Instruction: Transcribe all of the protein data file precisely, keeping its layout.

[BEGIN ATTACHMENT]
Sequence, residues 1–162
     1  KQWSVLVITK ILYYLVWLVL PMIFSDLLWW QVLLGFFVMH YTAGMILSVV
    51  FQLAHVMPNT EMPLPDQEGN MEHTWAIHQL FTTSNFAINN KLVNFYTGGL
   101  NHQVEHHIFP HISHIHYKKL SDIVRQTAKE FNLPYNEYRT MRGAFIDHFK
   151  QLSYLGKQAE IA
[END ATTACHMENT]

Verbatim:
Sequence, residues 1–162
     1  KQWSVLVITK ILYYLVWLVL PMIFSDLLWW QVLLGFFVMH YTAGMILSVV
    51  FQLAHVMPNT EMPLPDQEGN MEHTWAIHQL FTTSNFAINN KLVNFYTGGL
   101  NHQVEHHIFP HISHIHYKKL SDIVRQTAKE FNLPYNEYRT MRGAFIDHFK
   151  QLSYLGKQAE IA